Eagle Scout project gives spectators a place to perch


July 22, 2002|By Karen Nitkin | Karen Nitkin,SPECIAL TO THE SUN

EVERY TIME Andrew Bechta passes the Howard County Youth Program complex on U.S. 40, he feels a sense of accomplishment.

For his Eagle Scout project, Andrew, 16, created a row of benches for Field 11.

On summer nights, he often sees spectators enjoying the seats as they watch baseball games.

"We live near that field and you can see the benches from the road," said his mother, Bernadette Bechta. "So every night you can go by and see people sitting there."

Andrew, who will be a senior at Centennial High School in the fall, began searching for an Eagle Scout project last summer. "I knew I wanted to give back to something that gave to me, so I made a list of a couple of choices I had," he said.

"I chose HCYP because baseball is what I love most."

He started playing T-ball with the youth program when he was 4 or 5 years old, he said. Now he plays third base for the Centennial team and the Columbia Reds.

Andrew walked the fields of the sports complex until he found his project. Field 11 had no seating, so he decided to build and install benches.

With the help of Department of Recreation and Parks officials, Andrew broke ground on the project in early February and finished by the end of the month. He had several regular helpers, plus some who helped once or twice, he said. His father, Matthew Bechta, also helped. The county provided a mentor, Jeff Hull, who worked closely with Andrew.

Eagle Scout is the highest rank in Scouting. To qualify, Scouts must rise through the system, meeting requirements and demonstrating skills along the way. One of the Eagle Scout requirements is completing a project that requires at least 100 man-hours.

Andrew's project took more than 150, he said. He expects to find out within a few months whether he qualified for the honor of Eagle Scout. A few weeks ago, Andrew, a member of Troop 944, passed the Scoutmaster conference, a crucial step in which the Scoutmaster helps the Scout assess his accomplishments. This takes place before the Scout can rise to a new rank.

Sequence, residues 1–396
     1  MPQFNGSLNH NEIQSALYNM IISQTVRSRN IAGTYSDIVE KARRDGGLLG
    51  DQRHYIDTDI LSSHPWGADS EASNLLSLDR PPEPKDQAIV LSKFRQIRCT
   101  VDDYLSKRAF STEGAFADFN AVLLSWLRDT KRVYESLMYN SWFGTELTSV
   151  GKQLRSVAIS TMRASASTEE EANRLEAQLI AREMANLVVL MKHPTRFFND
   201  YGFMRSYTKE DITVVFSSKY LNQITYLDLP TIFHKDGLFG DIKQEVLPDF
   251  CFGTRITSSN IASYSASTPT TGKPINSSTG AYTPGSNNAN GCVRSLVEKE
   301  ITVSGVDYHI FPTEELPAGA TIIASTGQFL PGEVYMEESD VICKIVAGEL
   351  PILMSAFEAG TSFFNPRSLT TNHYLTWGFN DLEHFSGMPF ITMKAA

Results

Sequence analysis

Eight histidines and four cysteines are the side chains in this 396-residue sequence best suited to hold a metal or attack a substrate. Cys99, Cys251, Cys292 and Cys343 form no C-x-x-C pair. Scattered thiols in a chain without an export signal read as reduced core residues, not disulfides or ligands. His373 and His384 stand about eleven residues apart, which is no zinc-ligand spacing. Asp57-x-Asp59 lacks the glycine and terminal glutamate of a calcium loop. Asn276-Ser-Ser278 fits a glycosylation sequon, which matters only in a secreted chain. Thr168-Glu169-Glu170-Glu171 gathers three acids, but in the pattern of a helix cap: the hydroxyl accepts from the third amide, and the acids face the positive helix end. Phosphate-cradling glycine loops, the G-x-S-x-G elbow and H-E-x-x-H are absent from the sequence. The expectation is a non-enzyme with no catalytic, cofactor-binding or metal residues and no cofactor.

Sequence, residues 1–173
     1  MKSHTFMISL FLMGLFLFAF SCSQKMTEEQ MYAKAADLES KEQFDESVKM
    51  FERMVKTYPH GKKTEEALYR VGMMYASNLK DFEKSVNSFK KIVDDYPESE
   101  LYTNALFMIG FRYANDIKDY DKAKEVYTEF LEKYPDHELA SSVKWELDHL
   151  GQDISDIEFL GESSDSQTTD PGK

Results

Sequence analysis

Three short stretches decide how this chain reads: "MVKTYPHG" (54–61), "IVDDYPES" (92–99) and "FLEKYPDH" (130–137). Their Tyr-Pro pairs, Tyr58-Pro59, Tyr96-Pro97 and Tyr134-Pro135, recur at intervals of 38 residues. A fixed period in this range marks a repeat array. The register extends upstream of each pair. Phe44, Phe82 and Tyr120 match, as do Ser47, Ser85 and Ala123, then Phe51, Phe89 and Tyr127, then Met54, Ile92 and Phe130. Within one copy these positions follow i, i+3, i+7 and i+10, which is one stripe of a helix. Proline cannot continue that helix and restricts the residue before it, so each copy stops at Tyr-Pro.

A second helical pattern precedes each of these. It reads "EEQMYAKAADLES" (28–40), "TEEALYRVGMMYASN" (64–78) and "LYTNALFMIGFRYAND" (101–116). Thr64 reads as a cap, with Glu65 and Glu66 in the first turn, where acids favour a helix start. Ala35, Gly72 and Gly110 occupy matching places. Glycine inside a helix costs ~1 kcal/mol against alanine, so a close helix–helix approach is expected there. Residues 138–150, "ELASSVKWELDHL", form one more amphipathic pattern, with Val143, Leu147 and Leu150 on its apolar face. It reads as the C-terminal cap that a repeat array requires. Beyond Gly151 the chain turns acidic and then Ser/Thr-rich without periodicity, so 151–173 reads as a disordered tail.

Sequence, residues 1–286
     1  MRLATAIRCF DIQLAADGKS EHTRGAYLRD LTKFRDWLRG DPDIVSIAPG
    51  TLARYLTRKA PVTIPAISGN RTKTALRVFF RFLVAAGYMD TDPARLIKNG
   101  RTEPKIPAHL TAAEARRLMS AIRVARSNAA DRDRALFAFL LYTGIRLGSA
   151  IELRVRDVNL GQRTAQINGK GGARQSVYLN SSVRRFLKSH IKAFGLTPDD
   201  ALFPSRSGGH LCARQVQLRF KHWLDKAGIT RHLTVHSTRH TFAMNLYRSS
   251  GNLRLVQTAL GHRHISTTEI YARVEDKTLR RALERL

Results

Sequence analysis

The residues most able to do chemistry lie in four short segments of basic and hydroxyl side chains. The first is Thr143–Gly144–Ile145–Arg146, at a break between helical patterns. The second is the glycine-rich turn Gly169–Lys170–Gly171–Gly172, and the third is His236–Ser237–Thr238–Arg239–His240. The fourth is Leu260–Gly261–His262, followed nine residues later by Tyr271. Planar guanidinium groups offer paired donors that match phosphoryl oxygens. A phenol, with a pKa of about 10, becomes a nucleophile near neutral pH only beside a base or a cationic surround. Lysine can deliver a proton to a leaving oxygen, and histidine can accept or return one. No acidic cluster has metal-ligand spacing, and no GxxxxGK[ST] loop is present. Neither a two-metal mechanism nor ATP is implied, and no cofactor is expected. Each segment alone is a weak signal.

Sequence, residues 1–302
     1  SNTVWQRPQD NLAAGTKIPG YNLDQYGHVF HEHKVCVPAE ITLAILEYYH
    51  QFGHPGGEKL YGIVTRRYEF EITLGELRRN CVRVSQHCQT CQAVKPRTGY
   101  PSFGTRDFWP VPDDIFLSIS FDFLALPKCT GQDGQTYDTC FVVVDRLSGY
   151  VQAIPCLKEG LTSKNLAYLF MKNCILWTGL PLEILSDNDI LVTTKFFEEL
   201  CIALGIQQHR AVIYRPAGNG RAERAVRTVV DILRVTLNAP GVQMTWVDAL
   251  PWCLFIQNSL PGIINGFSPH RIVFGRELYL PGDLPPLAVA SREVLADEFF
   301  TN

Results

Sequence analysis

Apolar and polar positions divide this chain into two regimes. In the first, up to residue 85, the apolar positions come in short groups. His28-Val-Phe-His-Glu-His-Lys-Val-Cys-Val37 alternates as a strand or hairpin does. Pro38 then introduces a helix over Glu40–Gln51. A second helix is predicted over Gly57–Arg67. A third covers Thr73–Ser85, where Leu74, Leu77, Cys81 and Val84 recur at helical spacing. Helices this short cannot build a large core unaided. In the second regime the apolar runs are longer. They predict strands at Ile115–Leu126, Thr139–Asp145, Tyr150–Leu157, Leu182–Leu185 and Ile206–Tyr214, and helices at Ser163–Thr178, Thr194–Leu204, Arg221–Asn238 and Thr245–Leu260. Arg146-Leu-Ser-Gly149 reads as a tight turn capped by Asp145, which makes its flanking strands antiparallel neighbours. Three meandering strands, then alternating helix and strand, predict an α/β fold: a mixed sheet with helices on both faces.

"It's mostly formalities from here," Andrew said.

But the award isn't the only satisfaction he gets from the project. The three benches that he helped create seat about 20 people, with a retaining wall providing more seating for young children, he said.

He loves to see people enjoying the ball games, especially on summer nights.

Another honor

Kavita Shukla, a recent Centennial High School graduate, has collected another accolade. Kavita has two patents for food packaging treated with the spice fenugreek, which appears to slow spoilage. She recently won an invention apprenticeship from the Lemelson-MIT Program, which allowed her to work at an applied research center in California.

Now she is one of 60 winners of the Lucent Technologies Global Science Scholars Program. Half of the winners are from the United States.

As winner, Kavita receives $5,000 and a trip to the five-day Global Science Scholars Summit at Lucent's world headquarters in Murray Hill, N.J. The summit will allow her and other winners to learn about communications technology from top scientists and researchers.

Kavita plans to attend Harvard University in the fall.

Travel medicine

Seems as if somebody should have thought of this before: a center for wilderness and travel medicine, which focuses on the specific medical needs of travelers.

The center recently was founded at Mercy Medical Center in Baltimore and is run by Dr. Michael Zimring of Ellicott City. It offers travel-related consultations, immunizations, and coordination of emergency care and evacuation. It helps clients combat travel-related maladies such as upset stomach, altitude sickness and tropical diseases.

The center is at the medical center in downtown Baltimore. Information: 800-MDMercy or www.mdmercy.com.

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